Michelle Perry after winning the women's 100 metres hurdles
|Representing the United States|
|2005 Helsinki||100 m hurdles|
|2007 Osaka||100 m hurdles|
Michelle Perry (born May 1, 1979 in Los Angeles, California) is an American athlete. At the 2004 Summer Olympics she placed 14th overall in the heptathlon competition. Later, at the 2005 World Championships in Athletics, she earned a gold medal in the 100 m hurdles with a time of 12.66 seconds. Her current personal record in the event is 12.43 seconds.
At the 2007 World Championships in Athletics in Osaka, Japan she successfully defended her title with another 100 m hurdles gold medal performance; winning in a time of 12.46 seconds. The result was surrounded by some debate since she ran on the next lane (Susanna Kallur's lane) and some think she made contact with the Swede over the last hurdle. Despite television evidence, there was no official decision as the Swedish protest was filed too late.
Perry missed out on a spot for the 2008 Beijing Olympics, but made the team for the 2009 World Championships in Athletics. However, she was unable to defend her title as she entered the competition with a knee injury and was eliminated in the first round. She missed the 2010 and 2011 seasons due to injury and pregnancy.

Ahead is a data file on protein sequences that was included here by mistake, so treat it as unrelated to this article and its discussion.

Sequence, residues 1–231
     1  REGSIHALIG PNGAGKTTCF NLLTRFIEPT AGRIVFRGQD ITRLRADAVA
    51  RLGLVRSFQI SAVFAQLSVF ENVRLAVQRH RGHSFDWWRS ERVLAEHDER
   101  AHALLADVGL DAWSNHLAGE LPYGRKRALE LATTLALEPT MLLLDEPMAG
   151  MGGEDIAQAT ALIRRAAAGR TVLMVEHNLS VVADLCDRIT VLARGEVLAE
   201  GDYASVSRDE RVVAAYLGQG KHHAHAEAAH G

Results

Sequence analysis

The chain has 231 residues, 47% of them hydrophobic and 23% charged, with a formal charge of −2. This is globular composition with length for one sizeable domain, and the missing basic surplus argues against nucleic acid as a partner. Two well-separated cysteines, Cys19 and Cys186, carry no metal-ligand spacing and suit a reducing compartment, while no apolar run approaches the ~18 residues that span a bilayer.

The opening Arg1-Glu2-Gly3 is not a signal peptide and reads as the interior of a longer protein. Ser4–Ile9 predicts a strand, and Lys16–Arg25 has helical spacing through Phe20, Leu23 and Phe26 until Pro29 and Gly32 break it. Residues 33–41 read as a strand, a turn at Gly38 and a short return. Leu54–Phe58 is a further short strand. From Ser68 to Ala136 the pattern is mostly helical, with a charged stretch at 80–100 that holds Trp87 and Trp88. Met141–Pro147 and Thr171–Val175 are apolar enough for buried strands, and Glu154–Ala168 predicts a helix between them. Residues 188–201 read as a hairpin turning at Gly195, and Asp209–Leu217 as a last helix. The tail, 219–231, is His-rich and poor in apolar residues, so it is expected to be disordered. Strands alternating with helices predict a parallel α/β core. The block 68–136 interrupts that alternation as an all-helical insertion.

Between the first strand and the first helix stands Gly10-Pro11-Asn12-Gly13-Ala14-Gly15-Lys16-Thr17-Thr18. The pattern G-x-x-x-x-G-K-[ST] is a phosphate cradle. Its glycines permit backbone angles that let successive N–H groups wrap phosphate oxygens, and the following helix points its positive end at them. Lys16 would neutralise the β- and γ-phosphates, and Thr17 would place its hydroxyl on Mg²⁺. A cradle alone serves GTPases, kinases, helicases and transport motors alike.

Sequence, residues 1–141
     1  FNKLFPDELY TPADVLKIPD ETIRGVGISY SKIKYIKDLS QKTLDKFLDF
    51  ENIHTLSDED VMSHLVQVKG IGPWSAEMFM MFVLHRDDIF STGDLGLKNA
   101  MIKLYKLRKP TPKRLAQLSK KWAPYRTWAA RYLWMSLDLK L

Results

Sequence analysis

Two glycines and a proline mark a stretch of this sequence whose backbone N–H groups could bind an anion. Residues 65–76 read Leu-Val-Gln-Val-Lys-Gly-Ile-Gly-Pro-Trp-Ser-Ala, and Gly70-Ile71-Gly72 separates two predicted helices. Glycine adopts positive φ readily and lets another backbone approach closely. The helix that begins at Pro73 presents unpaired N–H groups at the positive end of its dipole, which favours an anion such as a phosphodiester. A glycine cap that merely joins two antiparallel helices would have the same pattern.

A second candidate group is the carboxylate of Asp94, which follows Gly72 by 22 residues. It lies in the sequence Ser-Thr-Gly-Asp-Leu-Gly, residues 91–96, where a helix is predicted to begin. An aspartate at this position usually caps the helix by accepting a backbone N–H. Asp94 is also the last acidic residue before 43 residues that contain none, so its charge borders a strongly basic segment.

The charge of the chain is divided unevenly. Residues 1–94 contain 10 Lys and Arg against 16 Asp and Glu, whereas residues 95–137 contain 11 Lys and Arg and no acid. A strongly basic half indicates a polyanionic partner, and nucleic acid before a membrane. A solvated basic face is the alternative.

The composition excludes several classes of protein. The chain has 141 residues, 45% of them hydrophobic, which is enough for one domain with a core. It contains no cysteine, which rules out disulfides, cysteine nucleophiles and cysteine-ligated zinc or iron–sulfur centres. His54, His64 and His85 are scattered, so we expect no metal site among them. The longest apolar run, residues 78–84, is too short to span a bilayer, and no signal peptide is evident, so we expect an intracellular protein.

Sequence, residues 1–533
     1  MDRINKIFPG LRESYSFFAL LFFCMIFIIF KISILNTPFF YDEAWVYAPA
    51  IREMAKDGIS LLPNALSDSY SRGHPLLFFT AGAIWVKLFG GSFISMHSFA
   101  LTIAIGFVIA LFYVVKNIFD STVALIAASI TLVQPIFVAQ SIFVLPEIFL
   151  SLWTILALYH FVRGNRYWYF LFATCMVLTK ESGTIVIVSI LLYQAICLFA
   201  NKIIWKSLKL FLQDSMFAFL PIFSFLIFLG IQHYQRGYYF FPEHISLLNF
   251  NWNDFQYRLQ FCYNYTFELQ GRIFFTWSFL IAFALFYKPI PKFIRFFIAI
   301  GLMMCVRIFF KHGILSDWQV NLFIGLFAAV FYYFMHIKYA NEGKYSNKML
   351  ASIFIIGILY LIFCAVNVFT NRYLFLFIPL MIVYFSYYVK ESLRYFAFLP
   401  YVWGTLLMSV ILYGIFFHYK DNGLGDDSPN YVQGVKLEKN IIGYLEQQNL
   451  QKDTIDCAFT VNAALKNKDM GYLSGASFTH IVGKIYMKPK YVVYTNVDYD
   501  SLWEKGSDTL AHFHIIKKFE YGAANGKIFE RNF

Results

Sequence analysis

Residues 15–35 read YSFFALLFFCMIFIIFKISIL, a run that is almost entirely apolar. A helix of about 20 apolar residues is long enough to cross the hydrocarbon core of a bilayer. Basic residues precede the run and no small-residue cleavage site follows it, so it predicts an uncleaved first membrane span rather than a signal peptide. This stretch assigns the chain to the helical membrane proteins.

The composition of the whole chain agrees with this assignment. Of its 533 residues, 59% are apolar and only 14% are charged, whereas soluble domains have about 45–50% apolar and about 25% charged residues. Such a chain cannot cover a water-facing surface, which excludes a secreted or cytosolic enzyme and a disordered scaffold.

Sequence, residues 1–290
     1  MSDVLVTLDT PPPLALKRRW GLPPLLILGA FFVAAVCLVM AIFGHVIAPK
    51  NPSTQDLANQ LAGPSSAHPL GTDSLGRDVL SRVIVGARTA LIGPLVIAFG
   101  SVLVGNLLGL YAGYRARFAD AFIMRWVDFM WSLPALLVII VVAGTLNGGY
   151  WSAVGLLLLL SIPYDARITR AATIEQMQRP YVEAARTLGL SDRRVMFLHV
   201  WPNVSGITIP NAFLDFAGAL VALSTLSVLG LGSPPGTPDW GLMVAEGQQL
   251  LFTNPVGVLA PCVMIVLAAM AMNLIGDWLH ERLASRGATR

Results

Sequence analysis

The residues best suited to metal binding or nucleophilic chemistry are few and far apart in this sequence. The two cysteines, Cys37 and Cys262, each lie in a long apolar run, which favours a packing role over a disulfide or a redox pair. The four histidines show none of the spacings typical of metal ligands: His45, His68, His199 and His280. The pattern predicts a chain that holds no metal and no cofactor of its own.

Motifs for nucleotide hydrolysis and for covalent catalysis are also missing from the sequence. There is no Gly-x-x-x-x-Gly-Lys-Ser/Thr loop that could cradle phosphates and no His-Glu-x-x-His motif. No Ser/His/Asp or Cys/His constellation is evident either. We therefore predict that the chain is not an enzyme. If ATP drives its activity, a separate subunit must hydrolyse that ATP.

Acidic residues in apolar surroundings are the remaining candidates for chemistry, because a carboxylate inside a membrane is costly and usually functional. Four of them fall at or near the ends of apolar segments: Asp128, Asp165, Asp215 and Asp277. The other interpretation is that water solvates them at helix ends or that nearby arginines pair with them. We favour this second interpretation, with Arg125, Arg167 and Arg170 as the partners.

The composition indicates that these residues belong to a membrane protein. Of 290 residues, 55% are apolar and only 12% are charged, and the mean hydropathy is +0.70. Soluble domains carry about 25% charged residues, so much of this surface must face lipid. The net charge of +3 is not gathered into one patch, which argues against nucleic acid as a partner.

- Dyestat results Archived 2005-04-01 at the Wayback Machine
- "Perry, Lagat win gold with strong finishes". TheFinalSprint.com. August 29, 2007. Archived from the original on September 2, 2007.
- "Kallur in pursuit of record wishes for a longer season - The Official Website of the Beijing 2008 Olympic Games". En.beijing2008.cn. Archived from the original on April 29, 2014. Retrieved April 29, 2014.
- "100m haies". YouTube. Archived from the original on December 21, 2021. Retrieved April 29, 2014.
- Landells, Steve (2009-08-18). Event Report - Women's 100m Hurdles - Heats Archived 2012-06-07 at the Wayback Machine. IAAF. Retrieved on 2012-04-22.
- Lee, Kirby (2012-04-22). World leads by Reese and Aarrass highlight Mt Sac Relays. IAAF. Retrieved on 2012-04-22.